Australia is set to see further consolidation in the market for sub-contractors as oversupply in that segment of the market places continued pressure on sub-contractor tender prices, a new report has warned.
In its Review of Australian Construction Market Conditions July 2014, Quantity Surveying outfit WT Partnership said an oversupply in the subcontractor market meant fierce competition would remain at this level, especially as the effect of pressure faced by Tier 1 contractors from increasingly capable Tier 2 contractors in the $50 million to $150 million market continues to flow through into subcontractor tendering.
“We commented previously on the oversupply in the subcontractor market which was driving fierce competition at the subcontractor level,” WT said in its report. “This market trend continued through the first half of 2014 with the exception of select trades.”
“Consequently we have recently seen a number of financial collapses amongst subcontractors. With the number of tenders increasing and ‘stretched’ subcontractors ’going to the wall’, we anticipate the subcontract market to consolidate over the coming years.”
As volumes of work dropped away, a dearth of new projects in recent years has wreaked havoc on building industry profit margins as ferocious competition for scarce work caused tender prices to fall in some states even as costs continued to rise.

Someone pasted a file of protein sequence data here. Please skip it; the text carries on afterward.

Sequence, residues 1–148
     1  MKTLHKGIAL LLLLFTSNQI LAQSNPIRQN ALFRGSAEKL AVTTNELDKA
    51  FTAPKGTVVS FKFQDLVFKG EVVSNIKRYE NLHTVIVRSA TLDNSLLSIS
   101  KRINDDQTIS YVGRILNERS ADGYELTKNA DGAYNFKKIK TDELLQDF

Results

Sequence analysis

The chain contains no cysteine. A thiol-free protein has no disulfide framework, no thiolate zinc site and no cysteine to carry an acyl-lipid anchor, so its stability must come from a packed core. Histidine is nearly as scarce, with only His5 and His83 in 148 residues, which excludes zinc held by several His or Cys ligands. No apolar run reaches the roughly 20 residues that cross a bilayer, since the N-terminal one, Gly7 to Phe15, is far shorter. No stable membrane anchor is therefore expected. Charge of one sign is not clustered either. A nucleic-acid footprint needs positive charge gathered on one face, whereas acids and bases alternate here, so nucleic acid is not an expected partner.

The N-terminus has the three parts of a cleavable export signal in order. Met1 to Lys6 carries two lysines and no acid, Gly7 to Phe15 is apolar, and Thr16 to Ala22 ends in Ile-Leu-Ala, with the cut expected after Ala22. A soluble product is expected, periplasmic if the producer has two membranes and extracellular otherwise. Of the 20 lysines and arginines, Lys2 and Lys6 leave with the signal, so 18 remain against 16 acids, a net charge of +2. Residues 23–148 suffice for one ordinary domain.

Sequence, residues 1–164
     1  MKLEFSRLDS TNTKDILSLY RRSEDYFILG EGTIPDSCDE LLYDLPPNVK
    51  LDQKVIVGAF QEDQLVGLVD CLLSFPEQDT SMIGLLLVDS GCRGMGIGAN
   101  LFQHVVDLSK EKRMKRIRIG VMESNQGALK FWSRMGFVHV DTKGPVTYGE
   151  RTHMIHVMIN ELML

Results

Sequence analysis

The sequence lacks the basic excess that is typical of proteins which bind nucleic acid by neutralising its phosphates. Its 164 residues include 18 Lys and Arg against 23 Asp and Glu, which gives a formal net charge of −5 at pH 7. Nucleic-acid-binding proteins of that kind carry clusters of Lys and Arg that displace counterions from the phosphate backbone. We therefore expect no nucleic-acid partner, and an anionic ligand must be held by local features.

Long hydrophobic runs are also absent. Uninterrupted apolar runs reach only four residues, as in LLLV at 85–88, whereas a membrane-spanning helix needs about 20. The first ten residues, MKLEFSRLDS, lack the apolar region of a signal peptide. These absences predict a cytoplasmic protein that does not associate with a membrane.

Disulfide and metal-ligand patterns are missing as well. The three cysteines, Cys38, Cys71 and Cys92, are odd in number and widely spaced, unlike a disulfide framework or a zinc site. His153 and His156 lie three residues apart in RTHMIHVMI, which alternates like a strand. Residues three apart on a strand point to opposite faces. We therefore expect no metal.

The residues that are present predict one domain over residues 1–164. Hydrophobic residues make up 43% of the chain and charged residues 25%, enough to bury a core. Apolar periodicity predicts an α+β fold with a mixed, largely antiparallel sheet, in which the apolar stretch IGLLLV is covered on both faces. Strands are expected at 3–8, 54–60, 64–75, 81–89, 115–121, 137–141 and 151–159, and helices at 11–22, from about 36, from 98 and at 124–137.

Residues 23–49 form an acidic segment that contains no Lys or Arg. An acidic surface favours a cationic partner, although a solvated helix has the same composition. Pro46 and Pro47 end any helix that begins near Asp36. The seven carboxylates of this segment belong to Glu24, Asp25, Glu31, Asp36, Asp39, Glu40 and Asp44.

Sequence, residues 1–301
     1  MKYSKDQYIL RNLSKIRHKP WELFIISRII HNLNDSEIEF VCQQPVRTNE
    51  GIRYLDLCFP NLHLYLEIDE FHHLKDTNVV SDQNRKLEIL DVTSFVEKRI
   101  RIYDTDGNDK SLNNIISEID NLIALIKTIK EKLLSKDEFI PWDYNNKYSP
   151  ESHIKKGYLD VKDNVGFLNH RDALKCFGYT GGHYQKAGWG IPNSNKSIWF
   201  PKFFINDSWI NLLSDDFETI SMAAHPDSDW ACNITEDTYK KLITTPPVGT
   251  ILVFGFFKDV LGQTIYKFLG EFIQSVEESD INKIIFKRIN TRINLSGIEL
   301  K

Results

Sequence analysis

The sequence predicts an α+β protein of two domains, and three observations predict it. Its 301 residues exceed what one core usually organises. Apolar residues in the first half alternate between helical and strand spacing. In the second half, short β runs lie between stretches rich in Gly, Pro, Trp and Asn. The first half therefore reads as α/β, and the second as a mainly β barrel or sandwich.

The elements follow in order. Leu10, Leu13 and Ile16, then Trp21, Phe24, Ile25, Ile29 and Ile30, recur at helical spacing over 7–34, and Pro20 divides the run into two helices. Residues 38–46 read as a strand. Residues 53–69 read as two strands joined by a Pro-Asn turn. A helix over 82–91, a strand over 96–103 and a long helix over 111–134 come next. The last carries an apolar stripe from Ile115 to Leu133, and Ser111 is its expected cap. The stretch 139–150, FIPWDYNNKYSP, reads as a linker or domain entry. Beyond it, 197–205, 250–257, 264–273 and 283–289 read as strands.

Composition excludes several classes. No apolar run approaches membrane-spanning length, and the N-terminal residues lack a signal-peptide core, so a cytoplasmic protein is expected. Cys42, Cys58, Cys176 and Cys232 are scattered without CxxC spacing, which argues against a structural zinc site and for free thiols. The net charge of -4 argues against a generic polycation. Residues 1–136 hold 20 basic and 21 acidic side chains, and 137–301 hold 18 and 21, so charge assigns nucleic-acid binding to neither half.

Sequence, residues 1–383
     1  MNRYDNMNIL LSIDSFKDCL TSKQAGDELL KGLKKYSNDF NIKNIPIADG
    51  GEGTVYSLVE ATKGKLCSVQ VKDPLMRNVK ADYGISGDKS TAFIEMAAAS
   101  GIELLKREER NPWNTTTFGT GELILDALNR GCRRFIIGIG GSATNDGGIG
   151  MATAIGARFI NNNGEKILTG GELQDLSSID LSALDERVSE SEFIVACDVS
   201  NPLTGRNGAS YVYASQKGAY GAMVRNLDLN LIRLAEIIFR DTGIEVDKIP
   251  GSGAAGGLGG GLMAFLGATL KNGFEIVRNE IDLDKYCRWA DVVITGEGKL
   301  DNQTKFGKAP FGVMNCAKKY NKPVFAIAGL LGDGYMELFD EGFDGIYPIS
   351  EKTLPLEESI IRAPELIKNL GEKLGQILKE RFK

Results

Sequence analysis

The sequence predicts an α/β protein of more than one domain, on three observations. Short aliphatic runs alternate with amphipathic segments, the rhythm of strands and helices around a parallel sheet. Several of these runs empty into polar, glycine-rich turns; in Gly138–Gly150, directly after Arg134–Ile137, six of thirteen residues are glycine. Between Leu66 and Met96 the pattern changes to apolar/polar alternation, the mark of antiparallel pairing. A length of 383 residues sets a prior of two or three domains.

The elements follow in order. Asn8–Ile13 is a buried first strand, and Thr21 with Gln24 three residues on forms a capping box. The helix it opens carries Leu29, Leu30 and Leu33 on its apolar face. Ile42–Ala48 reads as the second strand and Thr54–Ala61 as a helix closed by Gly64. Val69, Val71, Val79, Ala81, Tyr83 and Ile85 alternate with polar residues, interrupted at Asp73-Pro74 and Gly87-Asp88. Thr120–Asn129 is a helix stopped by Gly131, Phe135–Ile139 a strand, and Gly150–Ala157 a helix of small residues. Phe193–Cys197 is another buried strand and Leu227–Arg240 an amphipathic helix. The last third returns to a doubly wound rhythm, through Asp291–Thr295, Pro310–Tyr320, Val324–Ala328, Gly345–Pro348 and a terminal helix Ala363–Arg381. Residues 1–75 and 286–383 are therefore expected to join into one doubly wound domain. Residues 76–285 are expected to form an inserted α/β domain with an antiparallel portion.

In the three months to May alone, around 428 companies operating in the construction sector went into insolvency according to ASIC data (though this data does not give any breakdown as to how many of these businesses were contractors or subcontractors), and that does not include unincorporated businesses such as sole traders or partnerships.
More positively, however, the report says stronger levels of building activity will underpin a modest rebuilding of margins going forward, with annual tender price inflation set to increase to almost four per cent per annum in some states from 2015 onward.
New South Wales will lead the way – and will continue to do so amid a massive infrastructure building program over the next decade – as projects such as Barangaroo and the Sydney Convention, Exhibition and Entertainment Precinct continue to place upward pressure on the cost of engineering services and structural trades. Builders are also set to regain modest levels of pricing power in Queensland and Victoria.
Elsewhere, more modest tender price increases are expected in other states, although builders will at least experience moderate improvements in conditions in most markets.